In 44 days America will have the opportunity to pay Congress back for all of it's hard work, we owe it to our Representatives to vote this November

    by OneYearSteakGuy

    Every two years we get the chance to fire every single member of the House of Representatives, and on November 4th our two year wait is up! If you don't step up and act you'll miss your chance to go to the polls and make your voice heard. We owe it to Congress to show them just how much we appreciate all their hard work and tireless dedication to our country.

    Congress worked just 126 days in 2013, that averages out to around 2.5 days per week.
    Wouldn't it be great if the American working class could have a four day weekend, every week for the entire year? Or maybe just one massive 34 week paid vacation.



    Here are some questions to ask yourself between now and November:
    I'd also like to address some of the common concerns when I try to encourage people to vote:
    • "They're all the same anyway."
    • "Not voting is the same as a vote of no confidence."
      • We have tried not voting before. In fact we have tried not voting sixteen times in the last seventy years. Less than half of eligible voters turned out for midterm elections in 1950, 1954, 1958, 1962, 1966, 1970, 1974, 1978, 1982, 1986, 1990, 1994, 1998, 2002, 2006, and 2010 which means that in 100% of midterm elections since 1950 a minority of Americans were allowed to pick a new House of Representatives.
      • Not voting is tantamount to saying "Things are good enough in my life that I'm going to let you keep your job" because why would an elected official change anything if they're reelected? They don't care if they win with 100% turnout or if they win with 10% turnout just as long as they win.
      • Not voting just gives more power to the people who do show up.
    • "Voting doesn't change anything anyway."
      • Nothing changes all at once but our history is riddled with slow but steady progress. We have seen since 2010 the damage that can be caused by a single election, how one bad election can slow progress to a crawl and even drag us backwards. Voting can and does make a difference, but first you need to vote.
    • "My vote doesn't count."
      • No, your vote alone won't win the election. Vote anyway. You; by yourself, won't win a tug-of-war, that's why we all work together and we need you to pull your weight, especially now.
    • "My district is gerrymandered too much for the opposition to stand a chance."
      • Gerrymandering has no effect on state-wide elections, so if you don't vote because of gerrymandering you're missing out on the opportunity to vote for Governor, Senator and any of a number of ballot initiatives.
    • "There's no one on the ballot that represents me, or represents my views."
      • Then you need to represent your views for yourself. Go to the polling place and write in "NO CONFIDENCE" for any; or all, of the eligible seats. Not voting says nothing but "Everything is fine, my life is good, I don't want anything to change" so go and vote "NO CONFIDENCE" and make your voice heard.
    • "If voting changed anything it would be illegal."
      • For the vast majority of human history voting was functionally illegal, as leaders were picked through birth or war or appointment or God. The very thought of letting the people vote was considered dangerous and absurd.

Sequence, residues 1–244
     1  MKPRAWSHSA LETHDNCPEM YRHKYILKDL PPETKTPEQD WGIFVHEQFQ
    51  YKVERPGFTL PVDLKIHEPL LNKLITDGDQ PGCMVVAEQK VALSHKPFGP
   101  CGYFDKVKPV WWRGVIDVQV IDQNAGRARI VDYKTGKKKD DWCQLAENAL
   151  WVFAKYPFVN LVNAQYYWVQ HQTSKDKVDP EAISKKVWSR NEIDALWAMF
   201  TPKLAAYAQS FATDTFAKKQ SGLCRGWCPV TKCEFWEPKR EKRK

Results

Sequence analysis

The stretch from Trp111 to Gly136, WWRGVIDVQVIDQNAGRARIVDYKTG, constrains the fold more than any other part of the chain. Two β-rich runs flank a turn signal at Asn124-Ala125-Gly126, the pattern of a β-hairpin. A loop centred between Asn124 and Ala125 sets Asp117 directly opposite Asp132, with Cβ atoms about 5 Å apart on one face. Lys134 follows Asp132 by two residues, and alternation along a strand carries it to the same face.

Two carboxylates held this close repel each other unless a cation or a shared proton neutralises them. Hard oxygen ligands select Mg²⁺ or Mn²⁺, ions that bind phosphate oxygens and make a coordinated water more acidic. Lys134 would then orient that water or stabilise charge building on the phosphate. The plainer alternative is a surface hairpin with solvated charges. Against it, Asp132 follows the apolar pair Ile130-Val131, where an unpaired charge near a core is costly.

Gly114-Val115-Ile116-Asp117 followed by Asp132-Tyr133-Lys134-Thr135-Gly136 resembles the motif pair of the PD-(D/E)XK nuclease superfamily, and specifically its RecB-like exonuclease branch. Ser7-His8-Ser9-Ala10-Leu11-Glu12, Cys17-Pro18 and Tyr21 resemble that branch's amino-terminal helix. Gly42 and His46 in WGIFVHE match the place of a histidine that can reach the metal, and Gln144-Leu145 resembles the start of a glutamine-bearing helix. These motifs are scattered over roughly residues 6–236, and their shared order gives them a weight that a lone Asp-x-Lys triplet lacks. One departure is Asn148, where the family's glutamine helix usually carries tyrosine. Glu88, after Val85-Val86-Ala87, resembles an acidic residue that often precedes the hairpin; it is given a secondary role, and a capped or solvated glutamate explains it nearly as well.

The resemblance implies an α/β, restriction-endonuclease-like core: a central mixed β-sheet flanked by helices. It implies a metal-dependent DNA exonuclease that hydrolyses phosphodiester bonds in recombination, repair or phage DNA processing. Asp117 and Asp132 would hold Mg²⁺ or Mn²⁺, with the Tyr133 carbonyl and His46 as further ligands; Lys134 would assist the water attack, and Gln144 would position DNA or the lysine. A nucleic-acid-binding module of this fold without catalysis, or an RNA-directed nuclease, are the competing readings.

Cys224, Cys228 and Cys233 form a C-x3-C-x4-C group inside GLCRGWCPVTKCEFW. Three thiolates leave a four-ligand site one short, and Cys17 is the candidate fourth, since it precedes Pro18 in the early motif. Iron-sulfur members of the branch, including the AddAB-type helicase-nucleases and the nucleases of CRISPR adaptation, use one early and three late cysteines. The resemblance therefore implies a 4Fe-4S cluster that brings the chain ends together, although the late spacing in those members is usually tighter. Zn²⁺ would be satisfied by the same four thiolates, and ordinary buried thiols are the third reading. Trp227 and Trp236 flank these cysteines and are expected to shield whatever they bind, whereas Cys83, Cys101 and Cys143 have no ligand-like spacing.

• When our country was founded it was illegal for anyone except white, land owning males to vote.
      • It was illegal for African Americans to vote until 1870.
      • It was practically illegal for African Americans to vote until 1965.
      • It was illegal for women to vote until 1920.
      • It was illegal for 18 year-olds to vote until 1971.
    • "Why should I have to choose between a Douche Turd and a Giant Sandwich?"
      • I guess you should have voted in the primaries so that D. Turd and G. Sandwich would never have gotten to the general election...
      • Also: No human is so black or white, no policy is so clearly right or wrong, no political party is so good or evil. The Sandwich analogy is a painful oversimplification of both voting and of political candidates.
    There are those who will try to tell you that they're too weak, that they're actions and votes are worthless, that it is better to sit in silence than to stand up and be counted; these people have become so convinced of their powerless impotence that they will try to convince others of the same thing. Just like an alcoholic will try to force you to drink, the timid will try to force you to stay silent. Smile and nod and vote anyway, because you are not weak, you are not powerless, you are not impotent unless you let yourself be.
    Think of them like the fat friend that's always trying to convince you to eat cake.
    The biggest point I would like to make here is that yes, your vote does count. The person who convinces you not to vote, votes twice.
    Now watch this video and go kick some ass!


    The following states allow paperless, online voter registration. You can register in minutes, and no further action is necessary aside from showing up and in some cases having a photo ID.
    The following states require paper registration. You will have to print out the form in your states link, fill it out and mail it in.

    Thursday, July 24, 2014

    Welfare is not for the lazy, it's for the unfortunate. We are being subjected to propaganda from the wealthy class to make us believe that being in need is the result of vice.


    by JohnnyBeagle


    I was on welfare. The notion that welfare is just lazy people taking unfair advantage of the system is a big fat lie. It's meant to trick you into thinking that people in need are immoral and lazy. I worked for 30 years and was out of work for for one year. In the one year, my kids got free lunch at school, free field trips, and free sports. My wife and I both received life saving medical treatment from Medicaid, for free. After that year, my wife and I were both back to work, paying in and we will be paying in for another 20 years if we're lucky. That's the point. No one wants to be on welfare. Well, okay there is a small number of rich & poor alike who don't mind getting money for doing nothing, but most of us? We want to work, give, participate, be a part of something, be respected. I am sick & tired of seeing working class people rising up against welfare. They are slitting their own throats.